The 4 Laws of Gun Safety

1911 45ACP pistolThe 1st LawConsider every firearm loaded at all times and treat it accordingly.

It doesn’t matter if you just checked the chamber seconds ago, always assume that it is loaded.  (Note that NRA has decided not to teach this rule in their safety courses and brochures).

The 2nd LawNever Point The Gun At Something You Are Not Prepared To Destroy!  Always keep firearms pointed in a safe direction.

A safe direction means that the gun is pointed so that even if it were to go off it would not cause injury or damage. The key to this rule is to control where the muzzle is pointed at all times.  This rule directly correlates to the first rule; pretend that every firearm is loaded and that it will go off.  Pay attention to where your muzzle is pointed; don’t go waving it around.  Keep it pointed in a safe direction even when checking out the sights or dry-fire practicing.

The 3rd LawAlways Be Sure Of Your Target And What Is Behind It!

This means don’t shoot at things your bullet could bounce off of (ricochet) and hurt someone or something that you don’t intend to shoot.  It also means don’t rely on your target to stop the projectile; be sure that if your bullet passes completely through your target that it will not continue on and hurt someone or something that you don’t intend to shoot.  It also means being sure that if you miss your target your bullet will not continue on its path and hit something or someone you don’t intend to shoot.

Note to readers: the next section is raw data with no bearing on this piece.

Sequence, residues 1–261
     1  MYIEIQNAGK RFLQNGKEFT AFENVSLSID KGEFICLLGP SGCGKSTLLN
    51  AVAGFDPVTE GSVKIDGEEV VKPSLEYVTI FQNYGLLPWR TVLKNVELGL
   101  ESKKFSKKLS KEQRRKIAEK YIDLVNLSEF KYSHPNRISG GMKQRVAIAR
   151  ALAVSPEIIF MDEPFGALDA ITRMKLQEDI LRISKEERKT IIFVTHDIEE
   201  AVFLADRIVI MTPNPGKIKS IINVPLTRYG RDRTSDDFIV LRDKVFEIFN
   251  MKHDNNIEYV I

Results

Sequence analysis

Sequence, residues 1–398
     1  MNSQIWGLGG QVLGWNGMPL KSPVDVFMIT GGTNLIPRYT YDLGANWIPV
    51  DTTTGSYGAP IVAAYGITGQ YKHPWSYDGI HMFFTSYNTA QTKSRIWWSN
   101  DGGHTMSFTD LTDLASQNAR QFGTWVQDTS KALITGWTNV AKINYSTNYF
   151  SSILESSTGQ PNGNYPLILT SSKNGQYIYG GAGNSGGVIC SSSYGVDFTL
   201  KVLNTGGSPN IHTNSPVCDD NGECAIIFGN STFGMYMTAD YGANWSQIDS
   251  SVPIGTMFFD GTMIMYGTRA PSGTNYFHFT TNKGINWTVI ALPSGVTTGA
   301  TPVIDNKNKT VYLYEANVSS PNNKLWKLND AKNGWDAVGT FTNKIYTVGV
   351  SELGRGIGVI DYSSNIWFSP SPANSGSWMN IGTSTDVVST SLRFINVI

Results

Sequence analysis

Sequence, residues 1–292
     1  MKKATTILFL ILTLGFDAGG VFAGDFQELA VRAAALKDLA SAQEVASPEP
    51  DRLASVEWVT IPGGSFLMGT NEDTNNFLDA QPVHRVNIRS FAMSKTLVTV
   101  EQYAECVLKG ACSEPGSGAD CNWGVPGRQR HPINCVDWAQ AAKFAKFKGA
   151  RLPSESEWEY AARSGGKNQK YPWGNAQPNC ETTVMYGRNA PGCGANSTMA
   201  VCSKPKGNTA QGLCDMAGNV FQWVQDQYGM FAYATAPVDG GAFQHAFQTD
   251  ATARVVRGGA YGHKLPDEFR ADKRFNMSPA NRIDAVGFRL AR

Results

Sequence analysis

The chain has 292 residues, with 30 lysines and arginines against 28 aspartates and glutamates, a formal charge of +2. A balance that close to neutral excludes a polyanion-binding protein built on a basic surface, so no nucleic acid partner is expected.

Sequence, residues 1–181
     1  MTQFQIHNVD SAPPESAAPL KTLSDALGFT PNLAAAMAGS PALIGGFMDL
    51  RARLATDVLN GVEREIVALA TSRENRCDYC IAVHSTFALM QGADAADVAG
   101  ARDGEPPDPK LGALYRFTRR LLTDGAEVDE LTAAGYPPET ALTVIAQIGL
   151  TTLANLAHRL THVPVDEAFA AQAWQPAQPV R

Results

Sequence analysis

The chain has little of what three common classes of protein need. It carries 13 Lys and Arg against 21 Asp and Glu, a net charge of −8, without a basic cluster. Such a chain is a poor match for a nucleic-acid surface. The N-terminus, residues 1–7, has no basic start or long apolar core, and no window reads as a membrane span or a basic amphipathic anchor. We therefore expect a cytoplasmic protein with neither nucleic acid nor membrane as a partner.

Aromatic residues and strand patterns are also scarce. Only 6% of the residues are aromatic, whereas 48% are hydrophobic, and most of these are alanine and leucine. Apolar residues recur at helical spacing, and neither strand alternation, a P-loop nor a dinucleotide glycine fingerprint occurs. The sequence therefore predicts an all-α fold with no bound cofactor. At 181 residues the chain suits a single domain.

Be sure you have a good, bulletproof backstop.  If you can’t be sure of your projectile’s trajectory from the time it leaves your firearm until it comes safely to rest, DON”T SHOOT!

The 4th LawKeep Your Finger Off The Trigger Until You Are Ready to Fire!

The best way I’ve heard this put is “Keep your booger hook off the bang switch!”  When holding a firearm, rest your finger on the trigger guard or along the side of the gun. Until you are actually ready to fire, do not touch the trigger.  You don’t want a muscle twitch, a sneeze or a light trigger causing your firearm to go off and end in tragedy.

These rules won’t protect you from all firearm mishaps, accidental discharges (ADs) or negligent discharges (NDs) but, when combined with common sense (e.g. don’t use drugs or alcohol when handling firearms, know how to correctly operate the firearms you are handling), they will put you well on your way to being a safe shooter.

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